Ni Kuang, the prolific Hong Kong writer behind the Wisely series of sci-fi novels as well as over 300 film screenplays including the classic martial arts films One-Armed Swordsman and The 36th Chamber of Shaolin and the Bruce Lee hits Fist of Fury and The Big Boss, has died. He was 87.

The South China Morning Post reported that Ni died Sunday at his home in Hong Kong. Local media reported that the cause of death was skin cancer. In a double blow to Hong Kong’s cultural landscape, Ni died on the same day as legendary director and screenwriter Alex Law.

A giant of Chinese literature, Ni’s shadow looms large over the genres of science fiction, wuxia fiction and martial arts, but he also wrote extensive non-fiction pieces, newspaper columns, satirical pieces and dabbled in the romance and detective genres. It has been reported that Ni wrote more than 300 novels in addition to all the screenplays he completed during his life. He created scores of memorable characters among them the adventurer Wisley, the martial artist Chen Zhen, Dr. Yuen, the first modern Chinese superhero Inframan, and Fang Kang the “one-armed swordsman” portrayed by the late Jimmy Wang.

Born in Shanghai in 1935, Ni was one of eight children in a middle-class family living in the French Concession area of the city. He was an avid reader in his youth, devouring Chinese classics such as Journey to the West, Dream of the Red Chamber and Water Margin. As a teenager he became a cadre of the Chinese Communist Party, working as a prison guard among other roles. In 1957, he offended a CCP official and made a dramatic escape from Inner Mongolia, where he was stationed, back to Shanghai where he paid people traffickers to smuggle him to Hong Kong.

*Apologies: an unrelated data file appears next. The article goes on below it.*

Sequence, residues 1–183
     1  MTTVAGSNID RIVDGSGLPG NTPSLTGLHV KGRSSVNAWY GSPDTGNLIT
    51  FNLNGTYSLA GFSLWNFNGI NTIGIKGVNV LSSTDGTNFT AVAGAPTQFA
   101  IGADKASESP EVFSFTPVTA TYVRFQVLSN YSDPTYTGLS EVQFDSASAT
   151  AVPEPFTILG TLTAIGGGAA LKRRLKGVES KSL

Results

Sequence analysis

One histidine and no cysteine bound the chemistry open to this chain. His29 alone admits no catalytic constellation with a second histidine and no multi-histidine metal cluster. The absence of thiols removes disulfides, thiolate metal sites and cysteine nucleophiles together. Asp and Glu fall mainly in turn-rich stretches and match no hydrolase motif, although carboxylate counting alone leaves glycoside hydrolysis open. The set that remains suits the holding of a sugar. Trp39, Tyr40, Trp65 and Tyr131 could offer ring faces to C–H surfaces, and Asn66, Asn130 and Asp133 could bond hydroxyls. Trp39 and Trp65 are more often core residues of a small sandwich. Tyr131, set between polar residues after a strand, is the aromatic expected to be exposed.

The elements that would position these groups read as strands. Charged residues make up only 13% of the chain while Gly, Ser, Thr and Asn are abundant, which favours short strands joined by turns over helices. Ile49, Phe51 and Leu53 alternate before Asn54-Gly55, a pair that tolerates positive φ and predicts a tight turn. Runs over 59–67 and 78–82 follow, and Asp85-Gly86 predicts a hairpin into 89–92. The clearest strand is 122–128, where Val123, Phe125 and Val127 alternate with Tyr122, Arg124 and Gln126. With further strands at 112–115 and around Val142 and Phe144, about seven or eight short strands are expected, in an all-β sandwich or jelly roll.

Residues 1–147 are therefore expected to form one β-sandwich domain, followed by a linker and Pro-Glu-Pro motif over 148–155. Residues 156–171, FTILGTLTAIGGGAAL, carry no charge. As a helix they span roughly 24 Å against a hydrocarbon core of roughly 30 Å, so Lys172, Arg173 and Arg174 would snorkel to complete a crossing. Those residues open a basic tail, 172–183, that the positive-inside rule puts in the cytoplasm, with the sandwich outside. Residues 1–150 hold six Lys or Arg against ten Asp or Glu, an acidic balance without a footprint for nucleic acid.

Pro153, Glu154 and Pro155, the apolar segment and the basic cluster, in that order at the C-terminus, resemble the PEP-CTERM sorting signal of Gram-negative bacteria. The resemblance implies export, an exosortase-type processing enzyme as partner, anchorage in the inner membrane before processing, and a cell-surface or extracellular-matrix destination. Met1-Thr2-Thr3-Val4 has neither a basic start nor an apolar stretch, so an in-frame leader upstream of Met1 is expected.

In Hong Kong, Ni worked as a laborer, and by chance entered a writing competition in a local newspaper. His writing career began in the popular-at-the-time wuxia genre, period action stories featuring sword-wielding warriors and supernatural elements. Ni switched to science fiction in the early 1960s, creating the first Wisely story in Diamond Flower, in 1963. The Wisely stories set in the near future of Hong Kong, with the wealthy protagonist Wisely traveling the world solving mysteries and encountering all manner of people, villains and even aliens. In all, Ni wrote 150 Wisely stories, and the series were adapted for radio, television and the big screen numerous times, with several actors playing Wisely including Chow Yun-fat, Andy Lau and Samuel Hui.

From left: ‘Fists of Fury’ (1972), ‘The 36th Chamber of Shaolin’ aka ‘Master Killer’ (1978) and ‘The Big Boss’ (1971).
Courtesy of Everett Collection

Ni began his screenwriting career in 1967 when he was invited by director Chang Cheh to write the script for the wuxia film One-Armed Swordsman. The film was a huge hit, leading to Ni becoming one of Hong Kong cinema’s most in-demand writers. He was closely associated with the Shaw Brothers Studios, penning several of their biggest hits during their golden era.

Ni’s most famous film work was uncredited. He created Bruce Lee’s character of Cheng Chao-an and the story for The Big Boss (1971) but the eventual writing credit was given to director Lo Wei. Ni was also the writer of the Lee film Fist of Fury (1972), creating the character of Chan Zhen and providing the story, but once again Wei took the credit. Chan Zhen would become an enduring character and be played by numerous actors in film and TV including Jet Li and Donnie Yen.

Notable other Ni-written films from the 1970s include the superhero film The Super Inframan (1975), the kung fu classic The 36th Chamber of Shaolin (1978) which would influence the American rap group the Wu-Tang Clan.

Ni’s film and television output slowed in the late 1980s and the 1990s. A vocal critic of communism and the CCP, he emigrated to the U.S. in 1992 in anticipation of the 1997 handover of Hong Kong back to China. He returned to Hong Kong in 2006.

At the 2012 Hong Kong Film Awards, Ni received the Lifetime Achievement Award.

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